P.S. - The groundwork of change was well underway prior to the advent of The Beatles, both musically and culturally. Elvis Presley had much to do with revolutionizing the body movements accompanying his music and initiating a cultural change of dancing style. The "Twist" followed and the American youth were thought to have been possessed by the devil. THEN came The Beatles. A good movie to illustrate this is "Hairspray".

mike (again) said...

OK, another P.S. - I just browsed your "Music" selection of your cloud...many fine musician-authors there, many with songs from the 1960s! I was after Sam Cooke and Bob Lind, but found so many others.

anyjazz said...
This comment has been removed by the author.
anyjazz said...

The Beatles had captured the ear and imagination of the public and had fans poised waiting for whatever the group had to offer. Then Lennon and McCartney began serving up exciting morsels from their own imagination that weren’t all rock or pop or sometimes anything else that could be named. And the public gathered it up. There were many talented musicians and composers running parallel to them which deserve credit too. So why do the one hit wonders and other talented musicians seem generally forgotten to many?

The decades since the sixties are sifting out that difference. It seems the Beatles music and the poetry that have the longevity, not necessarily their performances of them. I recently put together a collection of over 560 cover recordings of Beatles music. And that was only a scant few of the covers of the Beatles “songbook”. There are thousands.

This then, takes them from the hallowed company of composers like Carol King, Leonard Cohen and Billy Joel and shifts them more toward the level of Cole Porter, Irving Berlin and George Gershwin. It’s the volume as well as the quality of their creativeness that sets the music apart.

The current developing generation will possibly put a deep cut into the legend. We have seen them on talent shows announcing they propose to sing “Respect by Aretha Franklin.” Well, “Respect” was written by Otis Redding. Franklin recorded it. We have heard them say they had difficulty singing the song “Eleanor Rigby” because they had never heard it before. The generation seems to be shrinking into the vacuum of “living in the moment” social networks, forgetting the encumbering past and avoiding the frightening possibilities of the future.

mike (again) said...

Well said, anyjazz! Roy Orbison is another talented great, both writing (some co-written) and singing his songs.

Twilight said...

mike and anyjazz ~ Many thanks for your views, which can stand, really, as an extension of the post itself, and require no argument from yours truly.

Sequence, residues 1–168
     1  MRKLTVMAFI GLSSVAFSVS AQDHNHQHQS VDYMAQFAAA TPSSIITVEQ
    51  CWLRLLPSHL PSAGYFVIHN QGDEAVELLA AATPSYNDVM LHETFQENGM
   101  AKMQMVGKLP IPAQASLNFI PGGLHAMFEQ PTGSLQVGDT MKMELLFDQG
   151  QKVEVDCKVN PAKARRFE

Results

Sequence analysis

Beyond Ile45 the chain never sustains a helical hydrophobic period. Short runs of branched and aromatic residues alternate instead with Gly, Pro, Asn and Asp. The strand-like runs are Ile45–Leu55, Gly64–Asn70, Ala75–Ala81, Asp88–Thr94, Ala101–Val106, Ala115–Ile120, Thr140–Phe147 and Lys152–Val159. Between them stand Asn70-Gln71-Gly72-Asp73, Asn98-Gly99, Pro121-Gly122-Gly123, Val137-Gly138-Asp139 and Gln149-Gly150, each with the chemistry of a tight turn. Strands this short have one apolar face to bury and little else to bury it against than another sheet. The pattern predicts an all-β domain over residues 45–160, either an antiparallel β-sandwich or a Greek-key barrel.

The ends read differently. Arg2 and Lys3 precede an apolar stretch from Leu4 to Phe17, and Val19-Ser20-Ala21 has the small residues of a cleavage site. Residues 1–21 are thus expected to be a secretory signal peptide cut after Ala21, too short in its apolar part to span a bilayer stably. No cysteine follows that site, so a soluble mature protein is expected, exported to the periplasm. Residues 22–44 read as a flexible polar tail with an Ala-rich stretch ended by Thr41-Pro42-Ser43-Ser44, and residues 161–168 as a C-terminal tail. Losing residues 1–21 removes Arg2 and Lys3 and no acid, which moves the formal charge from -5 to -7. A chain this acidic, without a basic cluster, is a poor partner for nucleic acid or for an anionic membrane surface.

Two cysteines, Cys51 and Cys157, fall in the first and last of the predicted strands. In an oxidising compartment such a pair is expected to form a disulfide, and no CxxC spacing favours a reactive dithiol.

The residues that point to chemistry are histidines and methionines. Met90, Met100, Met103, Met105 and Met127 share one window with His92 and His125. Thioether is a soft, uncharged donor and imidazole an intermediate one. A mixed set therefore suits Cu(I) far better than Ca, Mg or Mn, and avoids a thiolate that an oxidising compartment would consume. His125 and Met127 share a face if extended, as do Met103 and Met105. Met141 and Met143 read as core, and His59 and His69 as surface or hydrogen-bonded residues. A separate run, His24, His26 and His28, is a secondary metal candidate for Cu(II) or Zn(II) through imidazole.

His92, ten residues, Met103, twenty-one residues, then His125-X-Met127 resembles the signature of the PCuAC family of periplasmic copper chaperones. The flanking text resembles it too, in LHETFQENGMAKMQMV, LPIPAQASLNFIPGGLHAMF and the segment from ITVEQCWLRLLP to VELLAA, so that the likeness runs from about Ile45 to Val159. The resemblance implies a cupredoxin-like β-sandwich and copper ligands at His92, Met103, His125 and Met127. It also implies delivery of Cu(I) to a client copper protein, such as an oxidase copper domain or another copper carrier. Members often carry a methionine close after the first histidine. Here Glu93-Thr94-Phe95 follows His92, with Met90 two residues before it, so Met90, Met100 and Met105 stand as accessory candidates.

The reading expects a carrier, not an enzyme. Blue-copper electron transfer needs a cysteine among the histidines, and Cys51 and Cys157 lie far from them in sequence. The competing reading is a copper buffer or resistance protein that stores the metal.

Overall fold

My own roll of honour of memorial-worthy singers/songwriters has to include Simon and Garfunkel - their songs and performances (mostly Simon-written) can stand up easily against anything the Beatles did, just not as prolific.

Neil Diamond was always one of my favourites too, but for some reason was considered kind of "uncool". Never understood that.

Bob Dylan is already memorialised quite a bit, deservedly.

Kaleymorris said...

I told a friend recently that marking the 50th anniversary of The Beatles on TV was like marking the beginning of time for me. I remember a little about the Kennedy assassination (not the right things -- I was 5) and I remember sitting on the floor watching The Beatles on Ed Sullivan, my Dad saying, "That drummer looks like a pancake-head." To this day, I don't know what he meant by that.
I'm glad you've come to appreciate The Fabs. I am fascinated by the way they continue to entertain.
I will concede, though, they were more a product of all the right elements coming together at the right time. The same could be said of Bill Gates, Steve Jobs, and their cohorts. The same could be said of certain weather events ...
I must quibble a bit: Most of the work on "Love" was done by George Martin's son, Giles. There is a great interview about the process here:

Kaleymorris said...
This comment has been removed by a blog administrator.
Twilight said...

Kaleymorris ~ (I removed the duplication btw). Blogger can be a pain at times. :-)

We're still up, simply so Himself can see Paul McCartney on a repeat Jimmy Fallon late show, plugging his newest CD "New!

Thanks for your input - I know you are a dyed in the wool Beatles' fan, as are most of the family.

Thanks for the correction re George Martin's son and the "Love" album. I will still maintain, though, that George M. was the genius who set the Beatles on the road to becoming the icons they are today - even with half of them long gone. If Brian Epstein had lived, I'd wager the Beatles would now be as well-remembered in the USA as.... erm...Jerry and the Pacemakers.

Dunyazade said...


this has nothing to do with the post. It's a bit of spam (sorryyyy!).

I've written about Prince George's astrology:

It's free. So - that's it. Sorry for the spam!


Twilight said...

Dunyazade ~ Hi there! Spam from a blog-friend isn't spam anymore - so thanks for your link.

(I thought "Who the heck is Prince George?" Had a look and realised I'm way out of the loop. Will enjoy a good read later.) :-)

Dunyazade said...


But please keep in mind that I'm not a native English speaker ;)


Twilight said...

Dunyazade ~ You do a great job with a 2nd language though! :-)

Kaleymorris said...

I do agree that The Beatles would not be The Beatles without George Martin. He truly was the fifth Beatle and he was indeed a necessary element to their success.
Do try to listen to the interview when you have a spare half hour. I think it is really interesting ... and funny.

Twilight said...

Kaleymorris ~ Himself and I have just listened to the interview together - very interesting! Thanks! :-)
Son came over as a personable but quite unpretentious guy!

Sir George's eldest son is an astrologer - blog post from Jan. 2013: